Stay on Top of Enterprise Technology Trends
Get updates impacting your industry from our GigaOm Research Community
When I first switched from Windows to OSX one thing that I initially didn’t really understand was how to install/uninstall applications. Obviously it is second nature now, but hopefully the information below will help a new switcher.
On Windows when you download an application it is generally a .exe file. It is sometimes compressed in to a .zip file.
On OS X, a large majority of applications that you download will be in .dmg format.
.dmg stands for “disk image” and it basically functions like a hard drive. DMG files can be mounted and ejected just like a regular hard drive. The purpose of the .dmg file is for compression. It can greatly reduce the size of the file you are downloading.
When you download this DMG file you simply double-click on it to mount/open it. Generally you will just see the application that you’d like to install. You then drag the application to your Applications folder.
After you’ve moved the application file to your Applications folder you then eject the “drive” the DMG created from your desktop to the trash can in the dock. This does not delete the DMG file, it just un-mounts it. Since you have installed the application, you no longer need the DMG file. Drag the DMG file to the trash to delete the DMG file itself.
And that’s it! It’s really less complicated that it may seem and after you’ve done it a couple of times you won’t even think twice about it. To launch the application you installed, just go to your Application folder and double-click on it.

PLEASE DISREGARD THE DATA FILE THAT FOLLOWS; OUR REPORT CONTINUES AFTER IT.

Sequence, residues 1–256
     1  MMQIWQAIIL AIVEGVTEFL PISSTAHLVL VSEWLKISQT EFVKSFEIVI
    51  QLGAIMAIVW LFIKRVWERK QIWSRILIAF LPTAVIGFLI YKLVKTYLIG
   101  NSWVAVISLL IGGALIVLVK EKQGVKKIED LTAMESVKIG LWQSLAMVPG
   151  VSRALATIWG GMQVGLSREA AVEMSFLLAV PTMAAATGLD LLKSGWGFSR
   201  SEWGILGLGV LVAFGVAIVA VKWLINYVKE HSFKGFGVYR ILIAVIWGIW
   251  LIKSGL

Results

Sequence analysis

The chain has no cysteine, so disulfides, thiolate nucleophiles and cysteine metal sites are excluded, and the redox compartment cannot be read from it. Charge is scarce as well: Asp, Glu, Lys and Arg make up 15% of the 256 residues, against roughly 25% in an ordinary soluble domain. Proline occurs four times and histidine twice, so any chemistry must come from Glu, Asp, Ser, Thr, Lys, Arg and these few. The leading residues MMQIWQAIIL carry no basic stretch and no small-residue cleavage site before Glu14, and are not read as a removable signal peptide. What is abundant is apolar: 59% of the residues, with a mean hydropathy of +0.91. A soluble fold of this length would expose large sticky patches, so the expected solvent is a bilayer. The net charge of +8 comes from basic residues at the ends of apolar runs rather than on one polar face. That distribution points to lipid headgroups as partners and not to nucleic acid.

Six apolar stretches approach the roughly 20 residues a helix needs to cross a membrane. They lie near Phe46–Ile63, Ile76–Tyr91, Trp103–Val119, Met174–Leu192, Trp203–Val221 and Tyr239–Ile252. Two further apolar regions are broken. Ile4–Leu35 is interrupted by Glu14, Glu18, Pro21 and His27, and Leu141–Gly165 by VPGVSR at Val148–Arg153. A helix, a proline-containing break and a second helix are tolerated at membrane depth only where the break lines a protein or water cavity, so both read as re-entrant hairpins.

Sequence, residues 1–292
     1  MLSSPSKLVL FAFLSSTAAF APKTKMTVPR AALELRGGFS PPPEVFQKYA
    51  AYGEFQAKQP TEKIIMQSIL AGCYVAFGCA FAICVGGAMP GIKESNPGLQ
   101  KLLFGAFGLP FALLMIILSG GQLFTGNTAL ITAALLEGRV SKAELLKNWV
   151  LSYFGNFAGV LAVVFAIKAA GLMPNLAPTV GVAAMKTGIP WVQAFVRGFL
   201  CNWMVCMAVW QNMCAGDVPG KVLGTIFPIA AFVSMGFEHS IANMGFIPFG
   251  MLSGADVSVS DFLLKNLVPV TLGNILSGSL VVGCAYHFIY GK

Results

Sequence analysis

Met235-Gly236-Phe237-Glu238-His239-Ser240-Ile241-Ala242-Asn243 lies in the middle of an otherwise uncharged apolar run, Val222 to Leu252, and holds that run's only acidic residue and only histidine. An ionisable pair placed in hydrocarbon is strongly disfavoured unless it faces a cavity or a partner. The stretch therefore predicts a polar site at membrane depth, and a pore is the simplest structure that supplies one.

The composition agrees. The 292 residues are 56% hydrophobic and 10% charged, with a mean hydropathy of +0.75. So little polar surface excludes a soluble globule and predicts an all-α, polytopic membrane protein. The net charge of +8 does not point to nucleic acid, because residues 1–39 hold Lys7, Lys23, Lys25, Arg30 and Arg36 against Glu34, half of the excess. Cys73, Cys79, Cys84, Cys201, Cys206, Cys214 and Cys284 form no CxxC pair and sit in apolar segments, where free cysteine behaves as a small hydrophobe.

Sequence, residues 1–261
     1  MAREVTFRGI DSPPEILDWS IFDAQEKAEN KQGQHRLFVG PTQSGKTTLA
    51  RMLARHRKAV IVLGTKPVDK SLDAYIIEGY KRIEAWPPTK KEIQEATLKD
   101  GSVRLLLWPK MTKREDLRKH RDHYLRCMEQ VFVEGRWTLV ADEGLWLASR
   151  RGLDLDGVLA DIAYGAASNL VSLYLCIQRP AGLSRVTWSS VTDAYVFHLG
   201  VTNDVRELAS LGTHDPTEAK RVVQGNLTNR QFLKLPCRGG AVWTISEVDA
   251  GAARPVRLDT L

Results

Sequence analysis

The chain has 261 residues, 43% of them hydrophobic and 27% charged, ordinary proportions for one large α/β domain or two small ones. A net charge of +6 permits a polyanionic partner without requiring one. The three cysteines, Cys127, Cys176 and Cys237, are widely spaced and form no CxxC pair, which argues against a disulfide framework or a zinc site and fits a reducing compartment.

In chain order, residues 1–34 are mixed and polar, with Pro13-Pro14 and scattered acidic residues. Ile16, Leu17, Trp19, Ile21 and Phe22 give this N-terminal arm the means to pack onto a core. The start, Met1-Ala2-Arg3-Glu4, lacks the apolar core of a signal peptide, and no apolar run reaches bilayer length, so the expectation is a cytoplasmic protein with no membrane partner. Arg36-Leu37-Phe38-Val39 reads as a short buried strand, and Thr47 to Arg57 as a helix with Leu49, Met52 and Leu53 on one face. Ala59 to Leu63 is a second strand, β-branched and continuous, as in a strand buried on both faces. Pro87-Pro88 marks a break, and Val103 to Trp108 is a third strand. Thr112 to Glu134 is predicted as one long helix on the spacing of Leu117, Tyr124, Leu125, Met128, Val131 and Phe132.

So that snazzy application that you installed a few days ago has lost its luster and you realized you just don’t need it.
Uninstalling an application on OS X is even easier than installing it.
Simply go to your Applications folder, find the application you no longer need and drag it to your trash can in the dock. And that’s it!
Some purists here will argue that isn’t really “it” when it comes to uninstall an application and to an extent, they are correct. The majority of applications install small preference and configuration files elsewhere on your Mac. The files are so small that they don’t really have an impact on computer performance or your storage space, but should you want to keep your computer as clean as possible there are applications you can use to completely rid your computer of all traces of an application.
Here are a couple worth checking out:
Checkout the screencast below that covers the basics of installing and uninstalling an application.